Friday, November 21, 2008

1978 Topps Cards #55 through #60


#55 Mitchell Page All-Star Rookie
#56 Randy Jones
#57 Dan Meyer
#58 Bob Forsch
#59 Otto Velez
#60 Thurman Munson


Good: There are two great things about the Munson card. Firstly, the border colors of purplish-blue and orangey-red nearly match Munson's navy uniform and red catching gear, giving the card very nice color uniformity. Also, on the back, they mention that it was Munson, and not DiMaggio, Mantle, Ford, or anybody else, who became the first captain of the Yankees since Lou Gehrig. That was a very big deal that is often overlooked today.

Bad: The text on the back of Forsch's card might be very confusing to some. First it talks about his pitching, mentioning that "he went distance" against the Expos. The next sentence talks about his hitting in that game, with his 2-RBI double. Then they switch right back to pitching again, talking about his 6 K's, unless Forsch managed to also strike out at the plate 6 times in addition to his double. Messy, messy writing.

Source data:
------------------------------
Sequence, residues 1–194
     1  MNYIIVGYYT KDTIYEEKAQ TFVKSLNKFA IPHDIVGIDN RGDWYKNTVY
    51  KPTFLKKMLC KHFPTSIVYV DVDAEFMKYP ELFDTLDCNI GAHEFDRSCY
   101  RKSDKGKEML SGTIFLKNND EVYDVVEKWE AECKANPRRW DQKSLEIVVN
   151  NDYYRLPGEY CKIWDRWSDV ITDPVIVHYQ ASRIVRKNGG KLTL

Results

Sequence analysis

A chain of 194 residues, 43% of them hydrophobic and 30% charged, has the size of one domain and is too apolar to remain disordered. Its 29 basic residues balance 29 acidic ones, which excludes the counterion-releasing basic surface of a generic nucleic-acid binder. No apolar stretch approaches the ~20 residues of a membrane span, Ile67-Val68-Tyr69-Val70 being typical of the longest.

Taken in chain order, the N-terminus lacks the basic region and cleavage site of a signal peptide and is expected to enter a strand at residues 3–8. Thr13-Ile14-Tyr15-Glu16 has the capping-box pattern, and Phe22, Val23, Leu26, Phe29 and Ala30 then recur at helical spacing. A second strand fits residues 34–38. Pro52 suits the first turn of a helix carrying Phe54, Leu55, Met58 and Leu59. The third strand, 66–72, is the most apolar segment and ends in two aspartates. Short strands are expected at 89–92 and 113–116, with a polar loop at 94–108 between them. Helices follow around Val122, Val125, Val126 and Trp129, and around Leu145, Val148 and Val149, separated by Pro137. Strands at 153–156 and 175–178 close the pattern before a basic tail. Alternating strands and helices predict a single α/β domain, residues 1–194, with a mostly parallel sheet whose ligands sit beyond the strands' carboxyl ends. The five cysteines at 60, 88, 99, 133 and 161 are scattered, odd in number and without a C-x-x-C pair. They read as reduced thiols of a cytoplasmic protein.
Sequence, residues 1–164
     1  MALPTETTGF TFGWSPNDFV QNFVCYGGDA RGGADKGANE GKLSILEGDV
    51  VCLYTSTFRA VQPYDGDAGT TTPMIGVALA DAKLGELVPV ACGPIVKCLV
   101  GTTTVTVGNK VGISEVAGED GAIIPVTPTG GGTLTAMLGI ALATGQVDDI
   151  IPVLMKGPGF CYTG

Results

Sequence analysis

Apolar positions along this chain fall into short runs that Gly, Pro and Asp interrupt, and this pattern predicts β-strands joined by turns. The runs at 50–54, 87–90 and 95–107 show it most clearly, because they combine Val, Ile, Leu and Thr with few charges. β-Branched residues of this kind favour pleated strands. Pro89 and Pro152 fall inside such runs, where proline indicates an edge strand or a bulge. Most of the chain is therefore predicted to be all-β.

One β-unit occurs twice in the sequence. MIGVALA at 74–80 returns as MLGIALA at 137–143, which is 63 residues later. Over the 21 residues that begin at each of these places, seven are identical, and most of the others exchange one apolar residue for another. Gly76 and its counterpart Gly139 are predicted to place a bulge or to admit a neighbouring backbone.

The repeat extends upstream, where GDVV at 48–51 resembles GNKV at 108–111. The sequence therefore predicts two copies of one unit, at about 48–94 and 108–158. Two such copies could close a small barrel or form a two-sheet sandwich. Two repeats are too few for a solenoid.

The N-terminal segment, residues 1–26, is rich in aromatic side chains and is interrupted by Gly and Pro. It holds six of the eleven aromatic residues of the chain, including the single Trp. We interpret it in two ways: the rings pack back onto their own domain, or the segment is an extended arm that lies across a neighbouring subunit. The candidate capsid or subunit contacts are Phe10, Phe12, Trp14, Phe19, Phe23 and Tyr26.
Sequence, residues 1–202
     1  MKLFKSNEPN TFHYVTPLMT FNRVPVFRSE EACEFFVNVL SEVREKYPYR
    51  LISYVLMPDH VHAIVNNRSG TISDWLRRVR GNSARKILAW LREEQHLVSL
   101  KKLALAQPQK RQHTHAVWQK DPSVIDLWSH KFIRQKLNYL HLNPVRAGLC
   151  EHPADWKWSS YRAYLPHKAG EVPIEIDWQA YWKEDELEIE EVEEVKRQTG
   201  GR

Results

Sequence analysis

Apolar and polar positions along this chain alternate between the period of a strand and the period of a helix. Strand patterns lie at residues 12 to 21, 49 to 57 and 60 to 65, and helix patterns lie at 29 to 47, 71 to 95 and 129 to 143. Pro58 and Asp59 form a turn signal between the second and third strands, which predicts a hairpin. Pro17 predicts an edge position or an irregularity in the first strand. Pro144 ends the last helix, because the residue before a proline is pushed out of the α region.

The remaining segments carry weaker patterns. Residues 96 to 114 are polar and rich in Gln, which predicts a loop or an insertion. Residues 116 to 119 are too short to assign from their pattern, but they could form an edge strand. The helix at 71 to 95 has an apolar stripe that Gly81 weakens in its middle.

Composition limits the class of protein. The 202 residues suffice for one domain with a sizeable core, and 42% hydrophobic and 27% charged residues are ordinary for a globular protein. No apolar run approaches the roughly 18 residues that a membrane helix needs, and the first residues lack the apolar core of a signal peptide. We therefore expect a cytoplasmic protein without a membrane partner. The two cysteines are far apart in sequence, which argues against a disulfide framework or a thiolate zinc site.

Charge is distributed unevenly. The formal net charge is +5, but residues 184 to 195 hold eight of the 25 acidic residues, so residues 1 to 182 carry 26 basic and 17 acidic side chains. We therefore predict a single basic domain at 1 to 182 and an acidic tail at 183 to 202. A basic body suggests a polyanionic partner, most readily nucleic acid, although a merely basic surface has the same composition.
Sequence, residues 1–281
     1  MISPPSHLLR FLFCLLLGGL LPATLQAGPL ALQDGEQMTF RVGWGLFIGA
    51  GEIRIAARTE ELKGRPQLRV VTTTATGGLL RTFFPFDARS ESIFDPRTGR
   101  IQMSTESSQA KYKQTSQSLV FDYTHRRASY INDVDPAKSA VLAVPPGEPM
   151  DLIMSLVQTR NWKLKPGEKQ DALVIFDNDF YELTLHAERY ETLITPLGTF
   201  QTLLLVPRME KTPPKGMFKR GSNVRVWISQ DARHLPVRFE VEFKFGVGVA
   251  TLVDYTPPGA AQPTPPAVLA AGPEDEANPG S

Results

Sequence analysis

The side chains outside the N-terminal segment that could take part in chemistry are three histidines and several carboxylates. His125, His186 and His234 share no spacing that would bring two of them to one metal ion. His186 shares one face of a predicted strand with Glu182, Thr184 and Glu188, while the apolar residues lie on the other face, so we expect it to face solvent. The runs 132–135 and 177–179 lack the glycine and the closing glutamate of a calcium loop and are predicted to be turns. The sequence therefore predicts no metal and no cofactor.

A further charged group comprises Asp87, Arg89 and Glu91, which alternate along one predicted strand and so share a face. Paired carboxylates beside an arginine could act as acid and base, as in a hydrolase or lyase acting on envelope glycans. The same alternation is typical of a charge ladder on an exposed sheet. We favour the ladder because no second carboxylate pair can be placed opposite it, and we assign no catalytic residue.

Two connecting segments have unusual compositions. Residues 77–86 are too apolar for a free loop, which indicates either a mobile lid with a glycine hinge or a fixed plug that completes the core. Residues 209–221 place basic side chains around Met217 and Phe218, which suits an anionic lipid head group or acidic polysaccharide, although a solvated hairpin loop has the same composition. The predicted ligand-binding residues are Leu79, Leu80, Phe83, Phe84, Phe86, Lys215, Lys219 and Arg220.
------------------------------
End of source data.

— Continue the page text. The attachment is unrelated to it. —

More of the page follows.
Good: I mentioned Munson's card already, and it's Forsch who clearly takes the cake here. With his hair sticking out forward on both sides, it looks like there is a stiff wind coming from behind him. I also like the cocky look that Meyer's got on his face.

Bad: The photo that Topps chose to use for Page's card is among the worst photos ever selected for a baseball card. Where do I start?
  • The yellow on his jersey clashes with the gold All-Star Rookie cup, making this easily the ugliest All-Star Rookie card in any Topps set that I've ever seen.
  • They chose to use a close-up of a guy with frizzy hair and a sparse beard and mustache, which is not a good look in any era. An action shot would have been much better.
  • There is a terrible glare coming off his eyeglasses.
  • The background is very out of focus, making the batting cage and stands look like metal rails going in every direction. It's very distracting and adds nothing to the photo.
  • And did I mention how horrible the hot pink and green color scheme is?
Particularly as an All-Star Rookie selection, Page deserved much, much better.


On the Stat of the Day Blog, I previously noted that Page is one of just 14 players in history to amass 100 SB and 250 RBI while playing in at most 800 games.